“A lot of companies were able to survive throughout 2022 and pivot a bit, but 2023 was the year where we saw the companies that weren't able to pivot as quickly, or were not able to ultimately raise future rounds of funding, they started going out of business,” said Steve Molino, principal at Clear Current Capital. “Also, the ones that did exist and did survive, even the new ones, the way they looked at raising money, growing their businesses, and scaling was very different. So, a lot of focus on the fundamentals.”
Alt protein: A ‘symptom of a broader reset ... in the investing market’
In 2023, alt-protein companies faced numerous headwinds, as venture capital dried up and the cost of traditional bank debt increased due in part to higher interest rates, and consumer demand moved away from the category in the US.
These macro-economic changes didn’t just change how alt-protein founders thought about raising money, but VC firms also had a harder time raising money and became more critical of what type of investment they were making, noted Matt Spence, managing director and global head of venture capital banking at Barclays.
“A lot of the [limited partners] were looking for more returns, more exits, and it has become a much more difficult environment for everyone involved, even though the fundamental thesis of alternative proteins — what it could be — remained real. But alternative proteins became one symptom of a broader reset of the broader investing market. So, this is not something that's really unique to alt proteins,” Spence said.
In response to the tighter capital, investors shifted their focus from brands focused on growth to those that with a path to profitability, he added.
“Two new things that we've seen from later-stage investors ... first of all, just a real interest in profitability. I mean, growth is obviously important, but not only the high capital requirements, [but] how do you get the unit economics working.”
Spence added, “The second piece is to start thinking about, given where a number of those valuations have been, which were quite high to start with, but what's a reasonable exit environment for them?”
Food tech valuations are ‘more reasonable’ than CPG
Once-high valuations for alt-protein companies have come down amid the capital crunch, as investors are questioning high valuations, the panel shared.
From her experience, Amira Khatib, VP at Bluestein Ventures — which invests in the entire food and beverage supply chain — has seen that the food-tech side has “much more reasonable valuations because you have mostly institutional [investors] who are focused on investing in this space.”
“In the CPG space, you actually see that valuations have not come back to a reasonable level because you have a lot of non-institutional [investors], whether it's influencers and celebrities or angels, that just don't have the same knowledge of what's required in the venture market and aren't as price sensitive. So, I've actually seen a lot more reasonable valuations in food tech over the last year than I have in CPG, which has led us to invest a lot more on the food tech side, candidly.”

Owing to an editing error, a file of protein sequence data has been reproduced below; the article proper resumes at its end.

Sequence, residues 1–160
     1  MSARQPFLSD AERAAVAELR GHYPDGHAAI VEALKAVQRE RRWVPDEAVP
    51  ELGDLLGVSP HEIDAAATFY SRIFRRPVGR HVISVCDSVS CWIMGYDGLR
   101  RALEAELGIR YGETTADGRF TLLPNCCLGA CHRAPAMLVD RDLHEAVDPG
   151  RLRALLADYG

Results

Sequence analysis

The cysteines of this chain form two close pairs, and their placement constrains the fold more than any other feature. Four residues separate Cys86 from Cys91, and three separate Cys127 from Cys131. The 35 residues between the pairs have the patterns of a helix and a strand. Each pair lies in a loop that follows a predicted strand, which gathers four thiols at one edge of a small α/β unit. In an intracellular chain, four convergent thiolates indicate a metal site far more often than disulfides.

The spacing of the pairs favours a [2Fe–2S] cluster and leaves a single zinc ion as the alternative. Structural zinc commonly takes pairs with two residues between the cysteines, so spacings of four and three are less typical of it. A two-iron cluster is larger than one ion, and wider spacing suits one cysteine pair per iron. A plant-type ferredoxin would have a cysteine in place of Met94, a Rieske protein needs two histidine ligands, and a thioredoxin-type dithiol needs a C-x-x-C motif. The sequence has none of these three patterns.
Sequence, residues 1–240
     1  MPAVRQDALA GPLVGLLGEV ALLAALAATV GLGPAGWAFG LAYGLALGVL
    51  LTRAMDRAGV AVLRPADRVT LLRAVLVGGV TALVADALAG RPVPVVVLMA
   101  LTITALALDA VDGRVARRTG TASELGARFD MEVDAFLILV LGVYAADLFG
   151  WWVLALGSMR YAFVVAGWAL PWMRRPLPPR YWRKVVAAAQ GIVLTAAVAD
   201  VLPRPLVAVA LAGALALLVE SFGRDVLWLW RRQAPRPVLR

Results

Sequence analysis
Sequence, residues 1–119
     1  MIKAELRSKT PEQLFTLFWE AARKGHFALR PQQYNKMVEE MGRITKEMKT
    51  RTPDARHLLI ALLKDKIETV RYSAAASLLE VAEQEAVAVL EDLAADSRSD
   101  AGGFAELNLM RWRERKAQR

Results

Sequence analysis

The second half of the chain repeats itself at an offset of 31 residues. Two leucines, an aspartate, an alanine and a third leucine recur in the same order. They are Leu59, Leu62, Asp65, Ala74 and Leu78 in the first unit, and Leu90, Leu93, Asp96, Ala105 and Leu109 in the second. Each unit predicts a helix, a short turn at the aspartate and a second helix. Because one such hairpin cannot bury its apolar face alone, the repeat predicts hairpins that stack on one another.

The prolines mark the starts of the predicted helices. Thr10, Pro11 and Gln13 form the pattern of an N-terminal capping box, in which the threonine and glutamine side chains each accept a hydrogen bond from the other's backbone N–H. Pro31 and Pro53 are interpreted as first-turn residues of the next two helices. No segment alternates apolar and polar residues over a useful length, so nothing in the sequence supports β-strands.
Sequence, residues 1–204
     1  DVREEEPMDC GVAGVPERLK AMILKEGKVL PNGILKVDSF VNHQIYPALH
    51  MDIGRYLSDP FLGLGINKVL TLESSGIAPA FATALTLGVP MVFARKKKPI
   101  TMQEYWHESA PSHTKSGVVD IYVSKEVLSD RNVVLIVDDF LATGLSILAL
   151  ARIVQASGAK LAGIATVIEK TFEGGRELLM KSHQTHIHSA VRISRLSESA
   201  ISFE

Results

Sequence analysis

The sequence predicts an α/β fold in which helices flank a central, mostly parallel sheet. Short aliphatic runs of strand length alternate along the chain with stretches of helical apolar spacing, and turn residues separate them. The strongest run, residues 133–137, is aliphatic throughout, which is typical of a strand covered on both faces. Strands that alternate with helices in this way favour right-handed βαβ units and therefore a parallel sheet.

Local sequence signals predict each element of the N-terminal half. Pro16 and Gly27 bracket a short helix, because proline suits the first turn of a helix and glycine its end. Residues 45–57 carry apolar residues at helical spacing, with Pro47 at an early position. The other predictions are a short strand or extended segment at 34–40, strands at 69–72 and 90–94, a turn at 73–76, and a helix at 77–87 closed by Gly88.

While alt-protein startups might want a high valuation, Khatib stressed accurately estimating valuations was important to attracting the right investor.
“The best founders understand that you do need to give up some equity, and you're getting valuable partners on your cap table, and it's great to be reasonable about your valuation expectations. It saves you time. You'll find the right partners who are aligned. And again, it sets you up for success in the long term, not saying you need to give up a ton of equity and fully delude yourself, but I think it's important to go into fundraising with reasonable expectations.”
Valuations are also important when a company is exiting the market through an acquisition or merger, and today, “a number of large acquirers are waiting for the valuations to come down” even further, Spence said.
“When you're trying to think about exit multiples, it's harder because the traditional tools of valuation and comparing companies ... aren't readily available,” Spence said.
Non-dilutive financing options catch on
While venture capital plays a large role in food-tech funding, founders are also increasingly turning to non-dilutive financing, Molino said.
Molino elaborated, “Instead of thinking of a $10 million equity round a Series A, [founders are] thinking a $10 million round, but maybe six or seven of it is equity, and a couple million is their non-diluted financing.”
Founders in the food-tech space also have several non-dilutive financing options available to them, including government-backed loans to investments, Spence said.
“One of the non-dilutive financing [options] that has become interesting is some of the government sources of funding. So obviously, traditional meat is highly subsidized, so it's not really working in an economically free-market way either, if we’re being very honest about things. So, the Department of Energy loan program office ... put out guidance to talk about alternative proteins that would be of interest for these loans that are non-dilutive, just need to be repaid to the government at a pretty attractive interest rate.”